Climate change originated with the economic exploitation of the developing world, and the reason it has grown to even more of a threat is because this exploitation never stopped. As world leaders moved from outdated notions of isolationism and protectionism, they instead championed greater international trade and economic liberalism. These leaders of the developed world preached the gospel of economic liberation of markets in the developing world. Recognizing the victory of the west as the champions of economic liberalism and free trade, the developing world only had one choice if they wished to develop. That choice was free trade, and it would prove tragic, as it would only further amplify the magnitude of climate change.

Through the consolidation of markets unrestricted by governments in no position to decline, the internal markets of the developing world were eviscerated by the invasion of foreign corporations with immense economic and technological superiority. With this came the eradication of competition that has allowed big businesses to take advantage of already economically disadvantaged people, further escalating the situation. Workers from the developing world became cogs in the machine that was free trade, forced to work in awful conditions as their governments are incapable of exercising authority on these corporations. This lack of authority occurred out of fear of halting the economic stimulation that these organizations bring out of the country. This would prove catastrophic as it would grant these multinational companies immunity from inquiry or accountability for their actions, allowing this problem to spread to the rest of the developing world.

Without any fear of governmental intervention, corporations engage in environmentally destructive practices. Corporations that do not have to fret over carbon emissions represent one of the largest contributors to growing levels of greenhouse gases, and it is because of this lack of accountability that the threat of climate change is allowed to grow unencumbered. The lack of political authority provides no incentive to not engage in environmentally destructive processes such as hydraulic fracking of natural gas. Additionally, these global enterprises are even provided carbon credits by the government because of the revenue they provide to the economies in various developing countries.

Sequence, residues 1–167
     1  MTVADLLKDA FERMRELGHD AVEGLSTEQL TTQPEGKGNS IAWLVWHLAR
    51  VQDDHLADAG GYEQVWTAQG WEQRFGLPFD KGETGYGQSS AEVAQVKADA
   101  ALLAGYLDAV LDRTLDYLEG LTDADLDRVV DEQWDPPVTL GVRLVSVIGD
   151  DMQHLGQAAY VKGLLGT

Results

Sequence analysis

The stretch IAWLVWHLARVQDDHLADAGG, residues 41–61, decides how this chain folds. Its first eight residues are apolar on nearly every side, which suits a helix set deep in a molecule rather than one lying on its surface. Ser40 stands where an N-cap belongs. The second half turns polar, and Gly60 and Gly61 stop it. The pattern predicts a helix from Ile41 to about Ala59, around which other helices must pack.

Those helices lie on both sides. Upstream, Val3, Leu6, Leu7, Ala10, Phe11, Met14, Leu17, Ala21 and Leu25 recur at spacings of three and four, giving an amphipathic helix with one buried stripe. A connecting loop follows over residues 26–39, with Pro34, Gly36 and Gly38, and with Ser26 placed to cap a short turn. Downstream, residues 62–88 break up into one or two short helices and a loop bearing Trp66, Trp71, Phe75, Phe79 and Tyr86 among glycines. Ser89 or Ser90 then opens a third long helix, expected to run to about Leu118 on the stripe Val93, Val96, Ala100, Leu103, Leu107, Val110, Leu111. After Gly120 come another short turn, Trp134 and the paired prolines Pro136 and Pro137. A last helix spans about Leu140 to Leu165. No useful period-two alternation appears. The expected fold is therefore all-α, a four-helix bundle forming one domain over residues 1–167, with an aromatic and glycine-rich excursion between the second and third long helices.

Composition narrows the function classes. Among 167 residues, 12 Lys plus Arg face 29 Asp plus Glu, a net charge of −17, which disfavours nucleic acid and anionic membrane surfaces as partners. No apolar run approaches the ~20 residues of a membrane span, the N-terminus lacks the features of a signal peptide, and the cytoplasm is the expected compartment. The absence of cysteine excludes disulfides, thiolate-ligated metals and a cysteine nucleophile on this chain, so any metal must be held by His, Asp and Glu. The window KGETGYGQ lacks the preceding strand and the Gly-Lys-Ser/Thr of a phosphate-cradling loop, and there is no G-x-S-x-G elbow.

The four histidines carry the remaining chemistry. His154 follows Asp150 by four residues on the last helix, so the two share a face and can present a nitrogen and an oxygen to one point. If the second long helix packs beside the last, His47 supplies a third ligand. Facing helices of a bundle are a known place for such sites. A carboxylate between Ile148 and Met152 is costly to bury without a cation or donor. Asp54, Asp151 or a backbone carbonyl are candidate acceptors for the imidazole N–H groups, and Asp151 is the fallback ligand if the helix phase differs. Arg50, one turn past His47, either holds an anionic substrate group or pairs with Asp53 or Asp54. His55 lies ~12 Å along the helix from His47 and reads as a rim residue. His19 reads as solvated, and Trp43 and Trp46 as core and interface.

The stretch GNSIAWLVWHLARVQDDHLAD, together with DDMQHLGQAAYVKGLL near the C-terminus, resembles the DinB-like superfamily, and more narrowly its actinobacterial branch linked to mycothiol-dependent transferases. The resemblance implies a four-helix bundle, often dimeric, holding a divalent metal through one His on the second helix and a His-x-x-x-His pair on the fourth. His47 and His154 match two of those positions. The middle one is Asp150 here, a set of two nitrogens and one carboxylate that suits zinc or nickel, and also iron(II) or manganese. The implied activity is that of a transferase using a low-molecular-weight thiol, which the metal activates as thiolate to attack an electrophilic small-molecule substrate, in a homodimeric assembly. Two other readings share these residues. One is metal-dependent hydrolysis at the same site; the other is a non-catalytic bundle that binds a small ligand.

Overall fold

Corporations within the developing world have demonstrated an inability to quell their carnal economic appetite. Due to corporations threatening economic prosperity to economically stagnant countries, developing countries are unable to confront the issues that maintain climate change. Corporate entities motivated purely for profit can not be trusted to demonstrate restraint in their quest for economic domination. While the developed world displays a willingness to invest in environmental accords, it greatly undermines progress by its refusal to target the entities responsible for climate change, essentially rendering their efforts useless. If the developed world can not work towards the economic liberation of the developing world from hostile corporate powers that engage in unsustainable activities, then humanity can never hope to defeat the greatest existential threat our species has ever faced. If we seek to preserve our species, then we have to hold governments accountable for their refusal to go after the culprits who are getting paid to destroy the planet: corporations. Environmental agreements need to include coordinated attempts led by the developing world to push for regulation of businesses. Proponents of climate change activism need to understand that in order for any real change to be accomplished, it must coincide with action against neo imperialism and empower developing world governments with the authority to ensure sufficient accountability.